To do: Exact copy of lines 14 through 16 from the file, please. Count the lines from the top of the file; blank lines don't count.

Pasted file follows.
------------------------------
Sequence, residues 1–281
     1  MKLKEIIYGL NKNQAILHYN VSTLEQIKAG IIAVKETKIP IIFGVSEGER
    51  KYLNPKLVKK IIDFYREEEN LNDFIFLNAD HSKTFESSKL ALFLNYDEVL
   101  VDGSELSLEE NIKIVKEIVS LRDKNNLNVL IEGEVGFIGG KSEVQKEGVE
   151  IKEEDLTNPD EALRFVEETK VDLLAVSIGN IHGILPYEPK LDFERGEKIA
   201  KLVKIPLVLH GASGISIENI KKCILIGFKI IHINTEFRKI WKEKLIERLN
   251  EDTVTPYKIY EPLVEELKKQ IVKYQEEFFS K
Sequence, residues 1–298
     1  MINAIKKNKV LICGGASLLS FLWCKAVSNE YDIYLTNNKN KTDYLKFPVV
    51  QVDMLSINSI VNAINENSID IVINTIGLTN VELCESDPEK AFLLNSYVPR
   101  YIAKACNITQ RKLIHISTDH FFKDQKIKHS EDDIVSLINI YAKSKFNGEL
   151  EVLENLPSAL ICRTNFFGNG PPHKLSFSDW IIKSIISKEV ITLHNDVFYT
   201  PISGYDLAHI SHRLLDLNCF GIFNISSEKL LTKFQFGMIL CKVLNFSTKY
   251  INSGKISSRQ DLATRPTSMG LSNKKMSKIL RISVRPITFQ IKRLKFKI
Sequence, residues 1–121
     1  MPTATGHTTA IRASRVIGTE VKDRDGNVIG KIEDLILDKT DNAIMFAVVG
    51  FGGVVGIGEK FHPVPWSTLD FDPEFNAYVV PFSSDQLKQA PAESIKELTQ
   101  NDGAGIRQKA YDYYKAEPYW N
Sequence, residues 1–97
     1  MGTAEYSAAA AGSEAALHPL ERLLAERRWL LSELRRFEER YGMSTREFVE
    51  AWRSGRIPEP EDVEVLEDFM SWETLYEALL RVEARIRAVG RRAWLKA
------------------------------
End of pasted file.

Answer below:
   251  INSGKISSRQ DLATRPTSMG LSNKKMSKIL RISVRPITFQ IKRLKFKI
Sequence, residues 1–121
     1  MPTATGHTTA IRASRVIGTE VKDRDGNVIG KIEDLILDKT DNAIMFAVVG